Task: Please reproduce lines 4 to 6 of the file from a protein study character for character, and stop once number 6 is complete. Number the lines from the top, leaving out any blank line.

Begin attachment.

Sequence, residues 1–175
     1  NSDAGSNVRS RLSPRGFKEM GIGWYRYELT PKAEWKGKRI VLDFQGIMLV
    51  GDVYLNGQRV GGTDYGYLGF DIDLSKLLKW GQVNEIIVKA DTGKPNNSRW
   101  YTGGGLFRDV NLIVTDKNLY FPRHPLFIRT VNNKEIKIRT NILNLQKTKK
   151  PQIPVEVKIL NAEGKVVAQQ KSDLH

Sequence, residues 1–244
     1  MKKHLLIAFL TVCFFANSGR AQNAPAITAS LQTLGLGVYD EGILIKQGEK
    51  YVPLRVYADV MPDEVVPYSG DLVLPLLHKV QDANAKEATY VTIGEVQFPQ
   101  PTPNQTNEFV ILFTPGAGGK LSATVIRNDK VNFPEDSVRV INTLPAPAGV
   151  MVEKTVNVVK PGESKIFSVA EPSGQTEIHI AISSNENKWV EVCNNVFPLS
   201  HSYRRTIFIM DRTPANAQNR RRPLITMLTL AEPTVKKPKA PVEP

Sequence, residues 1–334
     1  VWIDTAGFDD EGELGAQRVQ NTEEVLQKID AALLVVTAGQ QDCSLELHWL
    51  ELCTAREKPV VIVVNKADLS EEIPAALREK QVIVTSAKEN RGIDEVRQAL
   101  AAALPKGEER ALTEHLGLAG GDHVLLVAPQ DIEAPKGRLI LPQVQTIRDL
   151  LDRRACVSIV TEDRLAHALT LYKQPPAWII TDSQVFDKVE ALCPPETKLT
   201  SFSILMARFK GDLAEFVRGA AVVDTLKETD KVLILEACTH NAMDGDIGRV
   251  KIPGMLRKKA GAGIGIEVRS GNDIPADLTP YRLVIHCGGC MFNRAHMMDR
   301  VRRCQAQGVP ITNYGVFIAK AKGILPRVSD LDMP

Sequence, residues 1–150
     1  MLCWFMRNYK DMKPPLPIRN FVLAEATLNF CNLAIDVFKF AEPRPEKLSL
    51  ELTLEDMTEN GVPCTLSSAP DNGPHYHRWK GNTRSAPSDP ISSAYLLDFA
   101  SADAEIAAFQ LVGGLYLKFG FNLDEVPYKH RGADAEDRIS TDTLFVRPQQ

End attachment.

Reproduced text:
   101  YTGGGLFRDV NLIVTDKNLY FPRHPLFIRT VNNKEIKIRT NILNLQKTKK
   151  PQIPVEVKIL NAEGKVVAQQ KSDLH

Sequence, residues 1–244